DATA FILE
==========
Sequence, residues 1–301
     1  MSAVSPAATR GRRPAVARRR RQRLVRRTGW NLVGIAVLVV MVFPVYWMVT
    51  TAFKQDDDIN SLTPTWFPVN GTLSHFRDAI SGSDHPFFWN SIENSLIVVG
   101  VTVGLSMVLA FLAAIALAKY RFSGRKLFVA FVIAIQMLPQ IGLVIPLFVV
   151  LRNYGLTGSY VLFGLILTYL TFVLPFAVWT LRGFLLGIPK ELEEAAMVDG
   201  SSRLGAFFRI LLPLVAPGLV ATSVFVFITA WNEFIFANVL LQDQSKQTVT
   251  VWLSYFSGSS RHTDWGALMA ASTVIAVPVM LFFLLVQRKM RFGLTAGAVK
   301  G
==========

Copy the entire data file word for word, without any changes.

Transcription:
Sequence, residues 1–301
     1  MSAVSPAATR GRRPAVARRR RQRLVRRTGW NLVGIAVLVV MVFPVYWMVT
    51  TAFKQDDDIN SLTPTWFPVN GTLSHFRDAI SGSDHPFFWN SIENSLIVVG
   101  VTVGLSMVLA FLAAIALAKY RFSGRKLFVA FVIAIQMLPQ IGLVIPLFVV
   151  LRNYGLTGSY VLFGLILTYL TFVLPFAVWT LRGFLLGIPK ELEEAAMVDG
   201  SSRLGAFFRI LLPLVAPGLV ATSVFVFITA WNEFIFANVL LQDQSKQTVT
   251  VWLSYFSGSS RHTDWGALMA ASTVIAVPVM LFFLLVQRKM RFGLTAGAVK
   301  G